Helena Grimes

Award winning artist and illustrator who has been inspired by children's fables

John Rainsford

Reporter:

John Rainsford

Helena Grimes

Helena Grimes

Originally from Longford I have been living in Limerick for over five years.

Indeed, my experience with the city has been a very positive one. I have met a lot of wonderful and inspiring people here and have been lucky enough to have had some great opportunities come my way. It’s my home away from home. Initially, I went to St Patrick’s National School and Moyne Community School, in Longford, and then moved to study Fine Art in Printmaking, at Limerick School of Art and Design (LSAD), graduating with a BA Honours Degree in 2014.

What I love most about being an artist is that you are essentially creating something that was not there before.

The idea that you can connect with, or inspire something, in someone consciously or subconsciously, even for a moment, is rewarding. I can’t imagine doing anything else. I told my parents I would be a vet until I realized that I could be creative for a living. Thankfully, they were very supportive of my decision to go to Art College, and they have been continuously supportive of all that I have managed to achieve, thus far. Making a living as an artist is not easy in Ireland. You can’t go into it lightly and you need to have a strong drive and passion. I certainly don’t limit my practice. I am currently working in illustration, interiors, design, and of course, my own personal practice. Such creative lines can be blurred, but also, feed off one other. What you might learn in one area can strengthen another. So, it’s important for me to always feel that I am learning.

Drawing is what I am most passionate about.

It is my personal language and outlet for expression. No matter what I am making I am, also, illustrating in some shape or form. It might be a concept, a story, a moral or something humorous. The non-human form is a subject that I am deeply involved with, using it as an agency to understand human society and the inner self. When I was smaller, I remember always stealing my dad’s pens and drawing on any blank pages in my sibling’s copybooks, envelopes and even encyclopaedias. To my mind I was creating ‘stories’ and putting them down on a page.

The inspiration for much of my art comes from books, myths, nature and life itself.

I like to think of my imagery as a juxtaposition of my inner most thoughts, and fragments of my imagination. My subconscious is deeply embedded in my work and I tend to get lost in it. I spend a huge amount of time figuring out what I want my work to convey. Often after completion, I realise that I was saying something different all along. The act of drawing can be a way of problem solving, and uncovering truths, as your mind slips into a deeper state. It is amazing that something so subtle can inspire a hugely complicated piece.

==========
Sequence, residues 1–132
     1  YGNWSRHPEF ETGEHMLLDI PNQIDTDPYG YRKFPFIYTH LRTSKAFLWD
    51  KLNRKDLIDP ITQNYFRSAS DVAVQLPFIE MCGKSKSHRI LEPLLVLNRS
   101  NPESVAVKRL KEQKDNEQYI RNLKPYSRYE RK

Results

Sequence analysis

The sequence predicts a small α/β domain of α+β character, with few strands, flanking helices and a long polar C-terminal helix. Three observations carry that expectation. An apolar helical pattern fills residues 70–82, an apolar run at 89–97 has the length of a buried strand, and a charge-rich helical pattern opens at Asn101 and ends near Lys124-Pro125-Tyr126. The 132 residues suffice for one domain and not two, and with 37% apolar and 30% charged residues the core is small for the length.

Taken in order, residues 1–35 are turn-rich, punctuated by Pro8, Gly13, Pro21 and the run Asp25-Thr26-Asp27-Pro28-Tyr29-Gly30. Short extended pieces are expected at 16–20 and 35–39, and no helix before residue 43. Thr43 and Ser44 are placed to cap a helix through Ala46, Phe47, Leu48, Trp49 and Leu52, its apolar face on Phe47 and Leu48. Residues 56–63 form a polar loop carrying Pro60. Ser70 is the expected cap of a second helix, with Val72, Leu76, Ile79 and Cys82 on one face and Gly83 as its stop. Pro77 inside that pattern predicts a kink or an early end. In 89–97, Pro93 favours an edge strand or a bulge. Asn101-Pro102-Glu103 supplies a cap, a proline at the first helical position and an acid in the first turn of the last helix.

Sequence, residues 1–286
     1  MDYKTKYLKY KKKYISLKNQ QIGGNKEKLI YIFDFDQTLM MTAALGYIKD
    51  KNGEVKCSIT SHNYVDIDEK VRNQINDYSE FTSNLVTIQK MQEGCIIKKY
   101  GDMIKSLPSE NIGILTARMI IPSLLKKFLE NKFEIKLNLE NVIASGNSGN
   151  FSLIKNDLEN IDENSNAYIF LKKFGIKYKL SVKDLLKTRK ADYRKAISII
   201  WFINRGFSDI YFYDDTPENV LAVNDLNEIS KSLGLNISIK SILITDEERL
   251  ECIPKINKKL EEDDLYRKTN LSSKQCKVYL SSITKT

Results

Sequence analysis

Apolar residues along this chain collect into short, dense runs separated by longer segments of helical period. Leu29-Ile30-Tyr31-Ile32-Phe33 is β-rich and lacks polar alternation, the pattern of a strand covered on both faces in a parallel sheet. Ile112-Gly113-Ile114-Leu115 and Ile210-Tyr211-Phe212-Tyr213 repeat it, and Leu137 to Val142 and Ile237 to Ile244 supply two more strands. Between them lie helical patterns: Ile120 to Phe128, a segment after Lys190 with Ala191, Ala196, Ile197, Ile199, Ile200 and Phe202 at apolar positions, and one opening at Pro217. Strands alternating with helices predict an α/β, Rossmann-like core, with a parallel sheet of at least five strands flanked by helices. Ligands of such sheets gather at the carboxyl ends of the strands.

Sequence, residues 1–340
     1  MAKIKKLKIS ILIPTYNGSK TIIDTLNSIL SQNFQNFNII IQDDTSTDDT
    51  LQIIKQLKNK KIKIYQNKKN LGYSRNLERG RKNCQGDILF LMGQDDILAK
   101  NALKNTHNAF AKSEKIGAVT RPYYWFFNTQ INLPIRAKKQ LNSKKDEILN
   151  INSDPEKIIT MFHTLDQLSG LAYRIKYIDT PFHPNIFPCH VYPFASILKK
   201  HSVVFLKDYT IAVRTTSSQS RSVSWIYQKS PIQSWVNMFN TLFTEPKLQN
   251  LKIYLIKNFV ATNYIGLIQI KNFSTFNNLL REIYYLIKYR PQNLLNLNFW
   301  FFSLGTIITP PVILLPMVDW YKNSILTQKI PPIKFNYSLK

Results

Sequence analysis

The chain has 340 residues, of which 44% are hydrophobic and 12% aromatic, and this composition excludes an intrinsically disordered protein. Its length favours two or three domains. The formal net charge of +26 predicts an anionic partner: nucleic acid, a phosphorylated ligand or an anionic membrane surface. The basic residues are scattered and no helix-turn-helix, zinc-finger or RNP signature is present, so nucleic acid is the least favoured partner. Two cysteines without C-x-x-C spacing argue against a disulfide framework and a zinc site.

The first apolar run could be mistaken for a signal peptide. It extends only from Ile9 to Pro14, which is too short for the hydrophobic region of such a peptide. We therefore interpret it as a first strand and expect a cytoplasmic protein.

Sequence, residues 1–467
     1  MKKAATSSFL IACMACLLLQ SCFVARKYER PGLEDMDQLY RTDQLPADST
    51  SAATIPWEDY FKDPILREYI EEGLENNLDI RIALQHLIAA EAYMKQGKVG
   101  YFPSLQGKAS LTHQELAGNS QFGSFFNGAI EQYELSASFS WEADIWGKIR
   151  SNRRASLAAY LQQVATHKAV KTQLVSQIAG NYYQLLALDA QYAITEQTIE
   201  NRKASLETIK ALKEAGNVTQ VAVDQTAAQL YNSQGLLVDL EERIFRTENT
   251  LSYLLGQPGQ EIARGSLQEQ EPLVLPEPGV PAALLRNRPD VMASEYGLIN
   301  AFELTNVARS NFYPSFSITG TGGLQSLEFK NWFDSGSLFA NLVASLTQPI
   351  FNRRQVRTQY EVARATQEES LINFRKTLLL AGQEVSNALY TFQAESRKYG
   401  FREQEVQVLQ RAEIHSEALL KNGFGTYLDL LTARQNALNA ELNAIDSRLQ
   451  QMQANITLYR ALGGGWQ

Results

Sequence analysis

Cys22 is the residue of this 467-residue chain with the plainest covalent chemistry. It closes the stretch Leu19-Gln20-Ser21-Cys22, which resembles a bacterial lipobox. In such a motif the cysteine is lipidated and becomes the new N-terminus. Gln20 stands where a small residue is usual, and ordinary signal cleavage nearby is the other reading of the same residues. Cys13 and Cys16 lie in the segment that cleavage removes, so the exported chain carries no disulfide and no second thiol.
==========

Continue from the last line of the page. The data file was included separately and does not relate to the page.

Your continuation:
In particular, I am drawn to animals that appear in fairytales as they have a strong symbolic value as subject matter.

The animals act as a vehicle to communicate my concepts, and thoughts and to interpret my world. The drawings have a fable-like quality to them where the work illustrates people and feelings yet the human form is rarely seen. The animal is pure and innocent; less threatening, and is also more universal. My most recent work explores the idea of the forest as a symbol of the mind, journeys and difficult times.

‘Every Soul Has A Dark Forest’ is an accordion style artist book with detailed drawings depicting a scene and moments in a shady forest.

The drawings were made with a fine tip archival ink pen. I created an edition of ten which I put together by hand. The book took months to create and was purchased by The University of Limerick (UL) after it was on show at the Bourn Vincent Gallery as part of the exhibition Hyphae. It was such an honour to become part of the University’s art collection. It has, also, exhibited in the former Belltable, and just very recently in ABLE at LSAD, where I, also, won an award as part of that exhibition. I hope to exhibit the book further afield this year, as it has gained a high level of interest that I didn’t originally anticipate.

Currently, I am busy coming-up with new ideas and creating new artwork for a solo show in the near future.

This is something that I haven’t done properly yet. So, I want to surprise people, but also to surprise and challenge myself. I love sharing my work with others, as I find it extremely satisfying. While the art of drawing is for me, the finished piece is for the audience. I become sort of detached from my drawings once they are complete but I long for others to have their own opinions and personal interactions with the visual stories that I create.

Intense memories can emerge from older work.

You often remember how you felt, and what you were going through, at that particular moment in your life. I will no doubt continue to log my thoughts in my drawings as long as the ink keeps flowing. Limerick has always seemed to have something exciting, bubbling beneath the surface, and its potential as a centre for art is very real. Our city has a wonderful character and edge to it. This has a lot to do with its vibrant creative community. The people of Limerick want to see it succeed and grow and that’s what will win at the end of the day. I can’t wait to see what the scene looks like come 2020!

For more information about the artist Helena Grimes please see: www.helenagrimes.com